Evaluation of curriculum design in Scotland


Scotland’s Curriculum for Excellence (CfE) has been, since it was launched in 2010, the subject of praise and scrutiny in equal measure. Sitting under the principles of CfE, there are many admirable aspects to what is expected from schools in their curriculum design. These include making sure they take account of children and young people’s views, and involving the local community to ensure that the school’s curriculum sits within the right context and delivers education that is relevant to its community as well as the country’s needs.

The publication of the OECD report ‘Scotland’s Curriculum for Excellence: into the future’ in June 2020 ushered in a period of change in Scottish education. The subsequent programme for education reform in Scotland has brought with it widespread debate on what the Scottish education system could look like in the future.

The importance of curriculum design and curriculum leadership cannot be understated. The decisions on what children and young people will learn and the knowledge and skills that they will develop hold enormous significance when we consider how we are preparing them for the social, economic, political and cultural challenges that face society in the 21st century.

We wanted to understand more closely how some aspects of CfE are being delivered in Scottish schools. This report presents HM Inspectors’ professional view of curriculum design in Scotland. These findings are drawn from a selection of 50 schools and settings nominated by all 32 of Scotland’s local authorities, alongside broader inspection evidence.

The report considers how well schools and settings take account of national guidance and local needs when designing their curriculum to meet the current and future needs of their learners. It also explores the extent to which schools and settings involve learners, staff, parents and partners in designing their curriculum.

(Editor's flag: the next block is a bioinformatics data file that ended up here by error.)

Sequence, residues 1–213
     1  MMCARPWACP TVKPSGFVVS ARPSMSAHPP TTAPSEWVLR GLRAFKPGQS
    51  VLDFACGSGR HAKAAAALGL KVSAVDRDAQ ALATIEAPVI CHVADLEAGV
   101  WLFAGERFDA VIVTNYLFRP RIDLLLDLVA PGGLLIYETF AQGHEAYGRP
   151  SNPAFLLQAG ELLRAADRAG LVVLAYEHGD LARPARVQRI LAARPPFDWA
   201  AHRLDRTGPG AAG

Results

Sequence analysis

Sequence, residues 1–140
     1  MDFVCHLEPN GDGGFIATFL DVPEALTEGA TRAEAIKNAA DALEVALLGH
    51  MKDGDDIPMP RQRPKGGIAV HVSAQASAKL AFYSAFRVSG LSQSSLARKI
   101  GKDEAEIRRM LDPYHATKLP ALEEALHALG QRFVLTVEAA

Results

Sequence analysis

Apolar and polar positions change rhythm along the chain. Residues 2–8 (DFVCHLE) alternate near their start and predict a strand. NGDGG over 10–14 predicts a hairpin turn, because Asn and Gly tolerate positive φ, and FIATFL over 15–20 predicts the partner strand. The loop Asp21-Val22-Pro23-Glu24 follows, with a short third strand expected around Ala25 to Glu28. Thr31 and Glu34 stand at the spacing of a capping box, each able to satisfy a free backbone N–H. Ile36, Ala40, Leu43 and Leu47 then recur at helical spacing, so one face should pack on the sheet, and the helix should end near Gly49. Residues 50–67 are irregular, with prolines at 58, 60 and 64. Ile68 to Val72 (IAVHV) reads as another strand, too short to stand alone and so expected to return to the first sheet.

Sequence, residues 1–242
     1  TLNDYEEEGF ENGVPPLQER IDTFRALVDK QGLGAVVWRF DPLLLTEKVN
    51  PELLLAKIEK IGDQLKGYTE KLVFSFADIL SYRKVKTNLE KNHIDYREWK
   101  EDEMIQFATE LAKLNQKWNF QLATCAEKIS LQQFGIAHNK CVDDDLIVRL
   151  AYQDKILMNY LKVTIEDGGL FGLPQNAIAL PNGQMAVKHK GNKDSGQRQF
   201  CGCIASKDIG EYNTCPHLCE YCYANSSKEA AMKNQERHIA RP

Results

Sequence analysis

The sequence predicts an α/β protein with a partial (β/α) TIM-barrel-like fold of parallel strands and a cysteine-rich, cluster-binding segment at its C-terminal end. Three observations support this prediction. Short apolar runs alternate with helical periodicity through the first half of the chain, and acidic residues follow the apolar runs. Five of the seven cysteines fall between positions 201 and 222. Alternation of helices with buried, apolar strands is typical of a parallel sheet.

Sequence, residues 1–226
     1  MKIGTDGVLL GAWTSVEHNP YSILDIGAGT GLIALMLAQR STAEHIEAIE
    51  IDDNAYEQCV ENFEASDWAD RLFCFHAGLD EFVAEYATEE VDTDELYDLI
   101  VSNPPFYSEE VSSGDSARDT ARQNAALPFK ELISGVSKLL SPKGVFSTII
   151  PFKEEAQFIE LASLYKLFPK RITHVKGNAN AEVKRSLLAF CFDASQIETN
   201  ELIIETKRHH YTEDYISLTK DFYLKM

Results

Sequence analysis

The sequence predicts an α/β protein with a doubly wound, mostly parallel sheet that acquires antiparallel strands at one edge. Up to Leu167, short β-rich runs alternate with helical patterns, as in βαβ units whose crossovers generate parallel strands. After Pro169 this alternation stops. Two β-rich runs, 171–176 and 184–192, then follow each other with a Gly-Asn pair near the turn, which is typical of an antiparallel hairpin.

There is a strong appetite in Scottish schools and settings to focus on reviewing and enhancing the curriculum. It is encouraging to report on the evidence of schools and settings using national guidance to design high-quality, progressive curriculums that take account of the local context. Staff use their local area well to provide children and young people with learning that helps them understand their local historical, geographical and economic context. There is also evidence of schools providing meaningful opportunities for children and young people to develop a range of skills to help them now and in the future.

Staff in schools and settings recognise the crucial correlation that exists between curriculum quality and the quality of curriculum review. Participatory approaches that incorporate the views of children and young people, parents and partners should be standard practice when schools/settings are engaged in ongoing curriculum review. Future-orientated curriculums that ensure parity of esteem for children and young people require this level of ongoing curriculum review.

As Scotland’s education reform programme continues its progress, we know that there is much anticipation about the future characteristics of qualifications and assessment in Scotland following the Independent Review of Qualifications and Assessment (IRQA) and the implications of the Independent Review of the Skills Delivery Landscape.

The IRQA reported that the narrowing of the S3 curriculum is incongruent with the aims of CfE. This national thematic inspection provides evidence that the picture of S3 curriculum-making across the country is varied, and that preparation for the senior phase can often deter secondary schools from ensuring a broad general education phase to the end of S3.

This report not only highlights Scotland’s progress in curriculum design but also looks ahead to the challenges and opportunities that lie before us. I hope the findings in this report will support schools, settings and their partners as they continue to review and develop their curriculum.

We as the education inspectorate now also need to do more. We are increasing our efforts through national thematic inspections to support the Curriculum Improvement Cycle. HM Inspectors look forward to continuing to work with settings, schools, local authorities and other partners, in driving further curriculum improvements for the benefit of Scotland’s children and young people.

Signature for Janie McManus

Janie McManus
His Majesty’s Chief Inspector of Education